For the past three or four years I have packed up my work stuff and moved each year. The first year it wasn’t much, I just took stuff little by little to a room hidden away on the second floor of the district office, where I worked part of the day. It was nice there, it felt serene. The only window looked out into a treetop, and people had a hard time finding me, which was okay. The second year, I was going to the D.O. fulltime, so had to pack up my office, classroom and parts of a storeroom. I tried to be brutal. Figuring I wouldn’t be likely to return to the classroom, I let go of a lot of stuff, or left it behind for others to use. Still, it involved boxes of stuff, a bookcase and my computer. I moved to a small office that was squeezed in between two larger offices, those of the Directors. The office was fine, but was the center of everything. Too many people were squeezed into one large office area, and their constant conversations from one office to another, and the constant traffic from teachers, parents, and administrators made the area anyting but calm.
Last year, at the end of the year, I was told my office was needed for someone else, and I would have to move. Again. The office I was offered was not great. Huge and dirty, with big air conditioning ducts inside, windows that looked out on the air conditioning machinery for the whole building. I balked at that room (which its new residents have made very nice – where is my bluster, my creativity?) and decided to move into a smaller office with great windows with an old friend who was a teacher on special assignment for a couple of years. No one wanted this one because of its distance from everything else in the building. This office was very nice, although it was another easily forgotten place. It had space and a storage closet along with the good windows, so I packed up again, ready to move. The day I finally finished packing all my goods the superintendent came in and told me I didn’t have to move. She had changed her plans, and I could stay put if I wanted. Or I could move, it was my choice. With all my stuff already in boxes and the prospect of some serenity again, I decided I’d move anyway. This one has definitely been the best office yet. The sun does kind of beat in through those magnificent windows in the late afternoon, but other than that, it is lovely. And calm. Very calm.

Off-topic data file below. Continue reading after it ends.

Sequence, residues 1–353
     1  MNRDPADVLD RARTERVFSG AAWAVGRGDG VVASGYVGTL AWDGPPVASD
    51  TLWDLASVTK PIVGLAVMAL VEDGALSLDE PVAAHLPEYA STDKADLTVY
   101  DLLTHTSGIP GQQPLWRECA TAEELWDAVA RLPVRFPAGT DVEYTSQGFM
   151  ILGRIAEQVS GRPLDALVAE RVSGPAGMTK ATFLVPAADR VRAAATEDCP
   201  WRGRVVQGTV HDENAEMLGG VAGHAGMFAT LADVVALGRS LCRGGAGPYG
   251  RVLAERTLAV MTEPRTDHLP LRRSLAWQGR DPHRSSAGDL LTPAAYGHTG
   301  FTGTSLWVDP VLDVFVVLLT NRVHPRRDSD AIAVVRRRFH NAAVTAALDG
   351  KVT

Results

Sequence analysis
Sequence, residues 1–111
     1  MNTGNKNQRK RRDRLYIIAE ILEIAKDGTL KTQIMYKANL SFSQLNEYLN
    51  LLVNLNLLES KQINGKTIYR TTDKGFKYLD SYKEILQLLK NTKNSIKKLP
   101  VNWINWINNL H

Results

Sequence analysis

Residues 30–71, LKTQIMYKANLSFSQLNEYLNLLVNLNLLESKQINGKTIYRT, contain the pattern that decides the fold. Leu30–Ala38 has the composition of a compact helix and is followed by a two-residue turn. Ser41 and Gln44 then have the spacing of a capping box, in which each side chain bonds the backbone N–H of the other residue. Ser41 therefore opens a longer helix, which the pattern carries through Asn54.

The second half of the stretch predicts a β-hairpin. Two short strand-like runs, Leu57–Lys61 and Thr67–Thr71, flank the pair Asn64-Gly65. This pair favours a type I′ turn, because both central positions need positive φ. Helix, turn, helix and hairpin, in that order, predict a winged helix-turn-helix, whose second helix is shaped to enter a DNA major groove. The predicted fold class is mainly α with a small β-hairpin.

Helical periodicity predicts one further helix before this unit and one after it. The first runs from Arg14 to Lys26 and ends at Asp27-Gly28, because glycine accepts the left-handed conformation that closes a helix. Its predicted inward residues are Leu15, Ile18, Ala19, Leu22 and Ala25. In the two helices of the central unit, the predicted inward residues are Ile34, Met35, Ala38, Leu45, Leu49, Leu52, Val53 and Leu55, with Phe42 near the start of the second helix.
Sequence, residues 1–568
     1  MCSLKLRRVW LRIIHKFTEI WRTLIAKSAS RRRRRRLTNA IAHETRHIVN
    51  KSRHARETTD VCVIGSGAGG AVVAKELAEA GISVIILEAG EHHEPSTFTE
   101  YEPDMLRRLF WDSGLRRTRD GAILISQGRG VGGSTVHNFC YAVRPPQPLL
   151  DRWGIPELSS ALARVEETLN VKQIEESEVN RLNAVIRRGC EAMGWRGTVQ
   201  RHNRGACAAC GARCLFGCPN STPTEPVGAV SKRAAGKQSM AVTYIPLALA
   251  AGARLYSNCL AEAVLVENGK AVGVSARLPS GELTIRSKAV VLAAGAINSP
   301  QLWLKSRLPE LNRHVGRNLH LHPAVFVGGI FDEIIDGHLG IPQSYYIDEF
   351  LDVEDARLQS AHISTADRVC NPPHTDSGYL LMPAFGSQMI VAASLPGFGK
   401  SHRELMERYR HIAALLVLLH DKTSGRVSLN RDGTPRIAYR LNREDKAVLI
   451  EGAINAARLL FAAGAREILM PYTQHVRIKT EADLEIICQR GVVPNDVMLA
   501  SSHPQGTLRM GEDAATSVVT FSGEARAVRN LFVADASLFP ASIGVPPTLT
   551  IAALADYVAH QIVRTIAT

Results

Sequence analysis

So last February, about a week after our Governator announced massive imminent budget cuts, and in the midst of rancorous negotiations between the district and the teachers’ union, in which the union berated the over-abundance of Coordinators in the district, while they suffered with an inadequate raise, I was called to my supervisor’s office. I sensed what was coming. It was a Friday afternoon, and her voice was laden with trepidation – I could hear it through the phone, as she asked me to come down to speak with her. She told me that this was hard, but she had to figure out how to keep me on 40% next year so I could continue to do the Supplemental Educational Services work (which a good administrative assistant could do, no MA or even BA, certainly no credential BCLAD, Administrative or otherwise was needed) and coordinate the district Spelling Bee. Shaking my head I asked her what about the other 60% of my job. She tossed that off with a flick of her hand. Oh that, I was already back in the classroom for that part. That part was definitely gone.
She praised my teamwork, the efficiency of my work, my willingness to do whatever I’m asked without complaint or question. And yet. She said she knew I”d need time to think, and she would help me any way she could with supplemental contracts to keep my income from falling too much. I could call her over the weekend if I needed to talk or if I had any ideas for other little jobs I could do. I got up from her office and went directly to personnel, where I spoke with the director, who told me they were allowing me to keep my tenure and I could go back to the high school where I had worked before. Fearing that the person I would be bumping was my own daughter, I asked him about that. He told me who it would be, and although it was a friend, it was not my child. Saying I’d think it over, I went home, dazed.
The last few months have been packed with intrigue, not only with regard to my position. The short part is that I decided to go to the middle school next year, rather than the high school. Going to the high school felt like going back, and the junior high feels like something new, something I’ve never tried. I like site administration at that level, and feel like spending some time in the classroom will be beneficial. So, here I go again. My boxes are nearly packed. The computer is coming home for the summer, the bookcase and file cabinet are (again) labeled, and I’m moving again. Still trying to whittle my stuff down, but not being very successful at it.
I have a big box of McDougal Littel 7th grade curriculum, along with the district pacing guide to bring home for the summer. I will be leaving everything else in the office with the windows until a portable classroom with my name on it has been installed at the middle school in early August. They hope. When that is in place, I’ll move. Again.